Academic journal article Journal of Eating Disorders

Association of Beck Depression Inventory Score and Temperament and Character Inventory-125 in Patients with Eating Disorders and Severe Malnutrition

Academic journal article Journal of Eating Disorders

Association of Beck Depression Inventory Score and Temperament and Character Inventory-125 in Patients with Eating Disorders and Severe Malnutrition

Article excerpt

Author(s): Satoshi Tanaka[sup.1], Keizo Yoshida[sup.2], Hiroto Katayama[sup.3], Kunihiro Kohmura[sup.4], Naoko Kawano[sup.5], Miho Imaeda[sup.6], Saki Kato[sup.7], Masahiko Ando[sup.8], Branko Aleksic[sup.6], Kazuo Nishioka[sup.6] and Norio Ozaki[sup.6]

Introduction

Anorexia nervosa (AN) is a rare but debilitating eating disorder (ED) that affects 0.7 % of teenage females [1, 2]. A review on the prognosis of AN in the 20th century showed a mortality rate of 5.0 %. In addition, vomiting, bulimia, and purgative abuse are associated with poor outcomes and chronicity of the illness [3]. For severe and enduring cases, evidence of efficacy of treatment approaches is limited, and one review concluded that treatment trials need to move beyond targeting the core eating disorder pathology [4].

A malnourished state is also seen in patients diagnosed with other eating disorders. The Diagnostic and Statistical Manual of Mental Disorders, 5th edition (DSM-5) [5] has generated new diagnostic classifications including avoidant/restrictive food intake disorder (ARFID) and other specified feeding or eating disorder (OSFED). ARFID patients refuse adequate nourishment, but are not accompanied by AN-like psychopathology. OSFED patients do not fully meet the criteria of other specific eating disorders. These two diagnoses were formerly included in eating disorder, not otherwise specified (EDNOS) in DSM-IV-TR [6].

The personality of patients with AN has been examined in many studies with the use of a number of methods to measure personality. Among them, the Temperament and Character Inventory (TCI) theory [7] has been a lot utilized [8-11], but the results are inconsistent (Table 1). Few transdiagnostic studies have examined patients with EDs with malnutrition, including EDNOS [8].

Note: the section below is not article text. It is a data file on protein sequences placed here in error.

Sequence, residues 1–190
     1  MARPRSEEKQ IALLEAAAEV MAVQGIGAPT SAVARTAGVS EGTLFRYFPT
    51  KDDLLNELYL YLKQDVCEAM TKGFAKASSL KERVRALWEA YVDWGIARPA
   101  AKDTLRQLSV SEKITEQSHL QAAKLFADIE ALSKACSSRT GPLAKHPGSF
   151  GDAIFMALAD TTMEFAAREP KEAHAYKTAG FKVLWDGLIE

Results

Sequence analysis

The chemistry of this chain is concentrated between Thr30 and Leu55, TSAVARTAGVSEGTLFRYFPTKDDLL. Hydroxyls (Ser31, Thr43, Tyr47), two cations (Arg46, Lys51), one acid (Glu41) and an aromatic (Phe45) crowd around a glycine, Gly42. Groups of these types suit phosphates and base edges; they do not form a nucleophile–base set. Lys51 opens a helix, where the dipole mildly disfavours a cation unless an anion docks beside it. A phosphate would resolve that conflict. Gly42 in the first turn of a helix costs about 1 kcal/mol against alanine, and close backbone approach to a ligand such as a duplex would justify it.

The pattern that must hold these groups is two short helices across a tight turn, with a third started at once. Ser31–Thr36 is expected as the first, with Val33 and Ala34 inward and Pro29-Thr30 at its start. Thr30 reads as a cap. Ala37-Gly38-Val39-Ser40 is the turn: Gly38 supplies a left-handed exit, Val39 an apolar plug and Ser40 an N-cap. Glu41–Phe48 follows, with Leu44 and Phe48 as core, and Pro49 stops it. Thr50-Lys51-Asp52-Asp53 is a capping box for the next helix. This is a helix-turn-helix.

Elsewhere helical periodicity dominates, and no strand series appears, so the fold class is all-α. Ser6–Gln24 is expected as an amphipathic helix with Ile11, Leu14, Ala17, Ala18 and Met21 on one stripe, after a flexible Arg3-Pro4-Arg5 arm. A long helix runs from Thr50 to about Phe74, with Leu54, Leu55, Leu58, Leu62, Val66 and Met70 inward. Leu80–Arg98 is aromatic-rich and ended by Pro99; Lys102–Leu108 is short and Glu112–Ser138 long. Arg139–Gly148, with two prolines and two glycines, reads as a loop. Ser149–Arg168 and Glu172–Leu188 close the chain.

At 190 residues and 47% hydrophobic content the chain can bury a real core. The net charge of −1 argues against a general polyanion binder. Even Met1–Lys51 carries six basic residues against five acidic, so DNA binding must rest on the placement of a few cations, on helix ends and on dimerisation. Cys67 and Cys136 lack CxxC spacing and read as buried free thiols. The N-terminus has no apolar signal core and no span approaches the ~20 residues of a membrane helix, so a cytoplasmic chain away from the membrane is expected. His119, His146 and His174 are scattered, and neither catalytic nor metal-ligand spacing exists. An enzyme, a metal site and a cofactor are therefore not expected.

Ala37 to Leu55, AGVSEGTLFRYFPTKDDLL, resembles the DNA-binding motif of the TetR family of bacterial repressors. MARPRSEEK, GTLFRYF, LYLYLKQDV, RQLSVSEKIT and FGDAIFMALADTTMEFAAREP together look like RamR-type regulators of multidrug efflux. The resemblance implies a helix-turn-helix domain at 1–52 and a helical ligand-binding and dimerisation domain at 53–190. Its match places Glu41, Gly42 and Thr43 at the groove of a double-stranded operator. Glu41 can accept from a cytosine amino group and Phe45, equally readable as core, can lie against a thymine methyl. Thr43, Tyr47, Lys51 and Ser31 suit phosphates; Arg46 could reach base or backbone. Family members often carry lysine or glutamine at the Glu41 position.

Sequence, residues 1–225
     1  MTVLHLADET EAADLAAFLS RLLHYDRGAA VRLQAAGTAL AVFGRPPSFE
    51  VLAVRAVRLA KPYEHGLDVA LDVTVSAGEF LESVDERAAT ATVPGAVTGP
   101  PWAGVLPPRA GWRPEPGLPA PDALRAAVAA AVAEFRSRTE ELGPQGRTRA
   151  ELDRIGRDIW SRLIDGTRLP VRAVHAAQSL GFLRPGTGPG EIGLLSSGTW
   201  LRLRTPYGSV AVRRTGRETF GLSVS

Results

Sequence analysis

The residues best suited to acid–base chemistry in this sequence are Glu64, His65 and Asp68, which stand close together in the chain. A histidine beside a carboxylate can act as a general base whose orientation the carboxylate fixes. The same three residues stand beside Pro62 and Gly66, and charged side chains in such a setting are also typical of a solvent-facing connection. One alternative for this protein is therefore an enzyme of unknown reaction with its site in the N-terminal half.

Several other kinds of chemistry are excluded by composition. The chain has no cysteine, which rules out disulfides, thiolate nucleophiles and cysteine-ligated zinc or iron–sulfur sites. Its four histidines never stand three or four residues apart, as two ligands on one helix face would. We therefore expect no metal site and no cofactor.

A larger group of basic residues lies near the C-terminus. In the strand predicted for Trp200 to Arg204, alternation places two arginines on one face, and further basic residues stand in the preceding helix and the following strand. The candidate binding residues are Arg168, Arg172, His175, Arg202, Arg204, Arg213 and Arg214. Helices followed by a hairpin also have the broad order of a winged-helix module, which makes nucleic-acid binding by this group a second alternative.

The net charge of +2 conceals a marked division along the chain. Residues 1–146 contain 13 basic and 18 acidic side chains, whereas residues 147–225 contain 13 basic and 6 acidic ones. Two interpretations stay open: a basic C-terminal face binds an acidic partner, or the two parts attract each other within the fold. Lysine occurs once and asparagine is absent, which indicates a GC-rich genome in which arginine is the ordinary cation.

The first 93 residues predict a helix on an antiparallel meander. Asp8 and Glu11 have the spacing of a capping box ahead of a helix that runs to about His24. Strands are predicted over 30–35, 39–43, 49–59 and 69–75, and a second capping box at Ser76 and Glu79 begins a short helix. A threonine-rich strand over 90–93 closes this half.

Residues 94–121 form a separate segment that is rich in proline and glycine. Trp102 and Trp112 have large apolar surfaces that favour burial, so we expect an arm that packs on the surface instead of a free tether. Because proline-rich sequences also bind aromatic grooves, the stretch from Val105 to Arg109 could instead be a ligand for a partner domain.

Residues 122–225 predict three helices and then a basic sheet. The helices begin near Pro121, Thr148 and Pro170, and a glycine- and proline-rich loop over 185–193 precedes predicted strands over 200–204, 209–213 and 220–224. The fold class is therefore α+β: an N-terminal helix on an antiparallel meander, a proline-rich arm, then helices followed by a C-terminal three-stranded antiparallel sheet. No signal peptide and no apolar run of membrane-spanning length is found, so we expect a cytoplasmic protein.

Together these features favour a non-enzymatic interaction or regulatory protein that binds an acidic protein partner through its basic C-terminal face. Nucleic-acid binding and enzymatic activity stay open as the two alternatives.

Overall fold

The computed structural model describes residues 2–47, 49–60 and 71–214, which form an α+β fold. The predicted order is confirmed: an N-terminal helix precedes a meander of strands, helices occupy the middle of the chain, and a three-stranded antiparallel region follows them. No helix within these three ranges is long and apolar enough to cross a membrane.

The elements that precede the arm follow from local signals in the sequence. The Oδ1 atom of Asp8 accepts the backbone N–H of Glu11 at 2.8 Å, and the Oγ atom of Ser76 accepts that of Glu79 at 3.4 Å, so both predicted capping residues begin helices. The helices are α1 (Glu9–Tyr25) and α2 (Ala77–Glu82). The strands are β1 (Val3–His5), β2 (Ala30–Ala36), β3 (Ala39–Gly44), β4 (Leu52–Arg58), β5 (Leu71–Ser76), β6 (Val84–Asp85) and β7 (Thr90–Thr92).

Table 1: Past studies utilizing TCI to measure personality of AN patients: comparison with healthy controls [see PDF for image]

A previous study reported that in patients with major depression, the Hamilton Rating Scale for Depression [12] correlates positively with Harm Avoidance (HA) and negatively with Self-Directedness (SD) and Cooperativeness (CO) [13] on TCI. From other reports, in patients with postpartum depression, HA increases longitudinally and correlates positively with the Edinburgh Postnatal Depression Scale [14-16]. These findings present the possibility that one's personality measured via the TCI could be modulated by mental states, and this association could explain the inconsistency among TCI findings in patients with EDs (Table 1). We assumed that the personality of malnourished patients would be associated with their mental and physical states and sub-diagnosis, and used the TCI-125 [7, 17] to assess the personality of these patients and determine: 1) if the subscales of the TCI, especially HA, SD, and CO, are associated with findings on Beck's Depression Inventory (BDI) [18, 19], and 2) if the TCI subscales can be associated with malnourishment, as assessed by body mass index (BMI).

Participants and methods

All participants were Japanese women living in Japan. Among patients who met the criteria for ED of DSM-IV-TR, we excluded participants who were diagnosed with bulimia nervosa, younger than 17 years, or who did not consent to study participation. We recruited 46 patients with EDs (13 with AN, restricting type [AN-R], 22 with AN, binge-eating/purging type [AN-BP], 11 with EDNOS by DSM-IV-TR) from inpatients at Nagoya University Hospital, but we could not acquire enough life history from one patient with AN-BP, so only 45 cases were included in this study.

The 45 patients were retrospectively re-diagnosed by DSM-5 as follows: 14 patients with AN-R (13 formerly diagnosed as AN-R and one as EDNOS), 22 patients with AN-BP (21 formerly diagnosed as AN-BP and one as EDNOS), 4 patients with ARFID (formerly diagnosed as EDNOS), and 5 patients with OSFED (formerly diagnosed as EDNOS).

The BMI of patients ranged from 10. …

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